by Bill Millard
There may be only one proposition that every sentient being in the tri-state region would agree on: Penn Station, as we know, it has to go. As Margaret Newman, FAIA, noted at the “Transportation as Cultural Identifier: Penn 2023” on 04.19.14, the station was built under the twin erroneous assumptions that New York City and rail travel were both in conditions of irreversible decline. Penn Station is slightly smaller than Bryant Park – about 8½ acres, or 368,000 vs. 418,000 square feet – yet the number of people passing through it daily, reported Newman, is roughly equivalent to the population of Denver, some half a million. And pass through it is all most of them do: it is no place to linger, the opposite of a welcoming space, disliked as widely as its lamented predecessor was admired. As Chris Sharples, AIA, hardly needed to remind this audience, it is a place where “we use the word ‘flee’; Vincent Scully probably would use the word ‘scurry.’” “If you think it’s bad now,” added Thomas Wright of the Regional Plan Association (RPA), “you ain’t seen nothing yet,” considering the rising numbers of users at this confluence of multiple transit systems. (Some 80% of Manhattan’s entering commuters now come from west of the Hudson, feeding New Jersey Transit’s growth over the past two decades, with the Long Island Rail Road holding steady, and true high-speed rail for the Northeast Corridor a possibility.) Endure it though we all do, the situation is critical.
An irresistible force – the public interest in replacing the rodent-tunnels compressed beneath the “hatbox” of Madison Square Garden with a civic gateway of suitable scale, grandeur, and civility, not to mention firmness, commodiousness, and beauty – has just over nine years to overcome an immovable object. (The immovable object is, of course, the Garden, which received only a 10-year extension of its operating permit from City Council last year, not the indefinite extension desired by its owners the Dolan family, or the 15 years recommended by Mayor Bloomberg’s administration.) The Municipal Art Society and RPA have addressed this need in their 2013 report Penn 2023, which marshals the talents of four major firms – Skidmore, Owings & Merrill (SOM), Diller Scofidio + Renfro (DS+R), H3 Hardy Collaboration Architecture, and SHoP Architects) to envision new alternatives for the station, the Garden, and the neighborhood.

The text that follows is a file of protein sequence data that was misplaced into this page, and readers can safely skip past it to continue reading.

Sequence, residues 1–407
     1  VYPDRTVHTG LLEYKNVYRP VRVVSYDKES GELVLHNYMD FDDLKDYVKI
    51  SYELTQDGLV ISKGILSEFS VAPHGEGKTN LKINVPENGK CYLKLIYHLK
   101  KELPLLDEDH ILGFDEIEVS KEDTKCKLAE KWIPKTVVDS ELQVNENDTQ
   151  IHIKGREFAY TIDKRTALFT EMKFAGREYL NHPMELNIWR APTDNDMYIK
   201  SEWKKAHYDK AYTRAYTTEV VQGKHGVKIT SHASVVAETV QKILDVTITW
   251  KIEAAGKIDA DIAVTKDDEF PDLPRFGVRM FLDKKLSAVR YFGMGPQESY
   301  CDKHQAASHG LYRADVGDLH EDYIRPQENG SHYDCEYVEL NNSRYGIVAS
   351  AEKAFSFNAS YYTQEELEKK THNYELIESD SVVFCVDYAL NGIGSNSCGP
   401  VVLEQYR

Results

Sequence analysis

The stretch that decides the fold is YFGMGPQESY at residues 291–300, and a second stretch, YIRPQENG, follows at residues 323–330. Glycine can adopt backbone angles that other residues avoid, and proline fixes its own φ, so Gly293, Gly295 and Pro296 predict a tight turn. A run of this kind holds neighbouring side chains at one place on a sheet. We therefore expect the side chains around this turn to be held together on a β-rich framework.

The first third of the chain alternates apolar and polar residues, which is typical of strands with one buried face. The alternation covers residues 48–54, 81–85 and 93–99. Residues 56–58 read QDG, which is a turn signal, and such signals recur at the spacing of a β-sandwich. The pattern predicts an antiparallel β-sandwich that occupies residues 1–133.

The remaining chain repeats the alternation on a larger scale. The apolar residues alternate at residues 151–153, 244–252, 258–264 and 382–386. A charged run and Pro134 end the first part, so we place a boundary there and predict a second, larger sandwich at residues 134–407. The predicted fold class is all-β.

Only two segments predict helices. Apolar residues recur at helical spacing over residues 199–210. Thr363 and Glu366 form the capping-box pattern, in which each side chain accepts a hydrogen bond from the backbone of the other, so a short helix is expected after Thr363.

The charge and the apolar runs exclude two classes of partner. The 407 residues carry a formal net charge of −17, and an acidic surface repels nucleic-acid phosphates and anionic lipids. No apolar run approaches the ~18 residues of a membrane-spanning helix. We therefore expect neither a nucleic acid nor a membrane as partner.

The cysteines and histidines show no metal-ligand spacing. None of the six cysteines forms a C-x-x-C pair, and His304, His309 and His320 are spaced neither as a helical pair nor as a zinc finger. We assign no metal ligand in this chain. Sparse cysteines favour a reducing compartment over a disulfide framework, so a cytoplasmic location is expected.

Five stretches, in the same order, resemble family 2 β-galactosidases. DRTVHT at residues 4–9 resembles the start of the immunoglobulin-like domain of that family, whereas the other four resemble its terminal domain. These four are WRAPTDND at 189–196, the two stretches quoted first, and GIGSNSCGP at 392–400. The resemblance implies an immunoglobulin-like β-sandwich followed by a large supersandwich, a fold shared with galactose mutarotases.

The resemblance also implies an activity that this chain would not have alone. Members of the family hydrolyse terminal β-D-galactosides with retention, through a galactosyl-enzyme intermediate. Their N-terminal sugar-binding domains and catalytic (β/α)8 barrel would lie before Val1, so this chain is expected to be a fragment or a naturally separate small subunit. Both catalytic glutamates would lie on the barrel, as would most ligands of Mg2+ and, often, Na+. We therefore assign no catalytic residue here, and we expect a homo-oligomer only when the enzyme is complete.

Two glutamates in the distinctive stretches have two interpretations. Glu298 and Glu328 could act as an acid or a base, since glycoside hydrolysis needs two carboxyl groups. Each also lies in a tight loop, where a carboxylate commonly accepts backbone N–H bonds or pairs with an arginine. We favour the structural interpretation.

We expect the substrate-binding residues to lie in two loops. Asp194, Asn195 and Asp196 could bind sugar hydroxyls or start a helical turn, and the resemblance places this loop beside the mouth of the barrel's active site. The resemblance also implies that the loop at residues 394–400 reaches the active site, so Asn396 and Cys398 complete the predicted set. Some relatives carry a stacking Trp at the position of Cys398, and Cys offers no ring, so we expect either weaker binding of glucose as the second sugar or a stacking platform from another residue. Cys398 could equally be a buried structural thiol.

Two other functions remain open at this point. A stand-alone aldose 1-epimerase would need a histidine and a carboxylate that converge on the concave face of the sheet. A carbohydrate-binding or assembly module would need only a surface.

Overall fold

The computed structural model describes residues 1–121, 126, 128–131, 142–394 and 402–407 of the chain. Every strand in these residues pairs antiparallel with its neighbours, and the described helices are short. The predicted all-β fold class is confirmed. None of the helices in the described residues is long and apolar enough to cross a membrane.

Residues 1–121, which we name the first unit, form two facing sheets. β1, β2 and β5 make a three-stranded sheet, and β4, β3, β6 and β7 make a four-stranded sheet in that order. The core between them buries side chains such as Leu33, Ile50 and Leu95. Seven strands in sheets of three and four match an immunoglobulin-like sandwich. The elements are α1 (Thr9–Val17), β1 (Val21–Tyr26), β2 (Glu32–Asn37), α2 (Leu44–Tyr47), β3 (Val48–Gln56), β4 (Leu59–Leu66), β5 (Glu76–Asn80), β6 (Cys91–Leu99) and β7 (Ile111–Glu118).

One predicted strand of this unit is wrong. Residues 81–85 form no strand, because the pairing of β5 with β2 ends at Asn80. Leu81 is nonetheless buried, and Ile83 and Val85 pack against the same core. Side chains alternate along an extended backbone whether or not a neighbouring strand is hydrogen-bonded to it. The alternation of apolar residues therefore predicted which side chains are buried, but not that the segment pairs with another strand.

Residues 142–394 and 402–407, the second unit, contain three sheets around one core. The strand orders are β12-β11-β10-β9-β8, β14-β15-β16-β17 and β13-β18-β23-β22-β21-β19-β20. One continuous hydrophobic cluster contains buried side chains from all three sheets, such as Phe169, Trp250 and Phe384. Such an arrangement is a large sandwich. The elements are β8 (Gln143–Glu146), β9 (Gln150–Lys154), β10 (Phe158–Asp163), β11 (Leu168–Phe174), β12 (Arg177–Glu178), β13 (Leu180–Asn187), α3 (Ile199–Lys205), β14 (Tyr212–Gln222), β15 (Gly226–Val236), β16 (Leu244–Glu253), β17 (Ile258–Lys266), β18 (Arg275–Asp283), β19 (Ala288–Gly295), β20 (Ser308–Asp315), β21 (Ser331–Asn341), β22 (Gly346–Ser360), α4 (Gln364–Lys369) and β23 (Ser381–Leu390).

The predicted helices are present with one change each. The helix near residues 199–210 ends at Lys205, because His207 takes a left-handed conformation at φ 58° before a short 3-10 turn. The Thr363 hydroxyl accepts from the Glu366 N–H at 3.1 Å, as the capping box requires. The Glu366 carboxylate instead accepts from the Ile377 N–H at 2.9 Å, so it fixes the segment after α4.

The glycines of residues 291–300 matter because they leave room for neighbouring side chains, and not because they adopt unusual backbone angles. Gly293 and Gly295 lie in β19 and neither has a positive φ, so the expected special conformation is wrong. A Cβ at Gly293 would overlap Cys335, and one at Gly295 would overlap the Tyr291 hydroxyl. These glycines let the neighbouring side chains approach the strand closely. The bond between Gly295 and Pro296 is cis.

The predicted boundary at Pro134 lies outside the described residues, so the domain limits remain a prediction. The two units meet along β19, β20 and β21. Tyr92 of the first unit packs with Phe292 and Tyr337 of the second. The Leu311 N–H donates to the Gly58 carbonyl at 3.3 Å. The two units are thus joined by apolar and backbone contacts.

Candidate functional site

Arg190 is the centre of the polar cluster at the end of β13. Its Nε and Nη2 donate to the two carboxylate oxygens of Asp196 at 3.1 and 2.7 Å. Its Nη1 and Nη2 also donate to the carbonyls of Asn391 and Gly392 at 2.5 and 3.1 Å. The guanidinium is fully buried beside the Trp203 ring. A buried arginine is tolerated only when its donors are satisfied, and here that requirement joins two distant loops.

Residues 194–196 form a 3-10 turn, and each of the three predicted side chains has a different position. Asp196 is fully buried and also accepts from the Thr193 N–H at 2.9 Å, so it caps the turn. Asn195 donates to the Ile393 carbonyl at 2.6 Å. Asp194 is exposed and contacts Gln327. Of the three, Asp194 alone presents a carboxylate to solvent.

It is an opportunity for the kind of ambition that Hugh Hardy, FAIA, ardently hopes to see revived in New York, challenging all parties to think in appropriately Burnhamite terms: “It’s going to take every ounce of energy that we possess to make a change as large as what we’re talking about. The future of Penn Station actually is the future of Manhattan West. It requires a large, bold, complex, multiphase plan with support from the city,” as well as the state and federal government. “We should be so proud and committed to the fact that we can do big things here. Why can’t this generation do what others have? Why should we only admire the past?” Nostalgia for the 1910 McKim, Mead & White station and respect for Alexander Cassatt’s heroic efforts to get it built (appropriately commemorated in a recent PBS special) helped empower the city’s preservation movement. But those qualities now need to be matched by a comprehensive vision that can link the sorely needed transportation infrastructure (not only a new Penn and Moynihan Station, but the 7 line extension and the East Side Access project, giving the LIRR a Grand Central terminal at last) to the broader picture. This includes the rise of the High Line/Chelsea area, Hudson Yards, and the waterfront, shifting Midtown’s center of developmental gravity westward. The four firms’ suggestions range from pragmatic to utopian, with varying degrees of achievable programming and theoretical abstraction.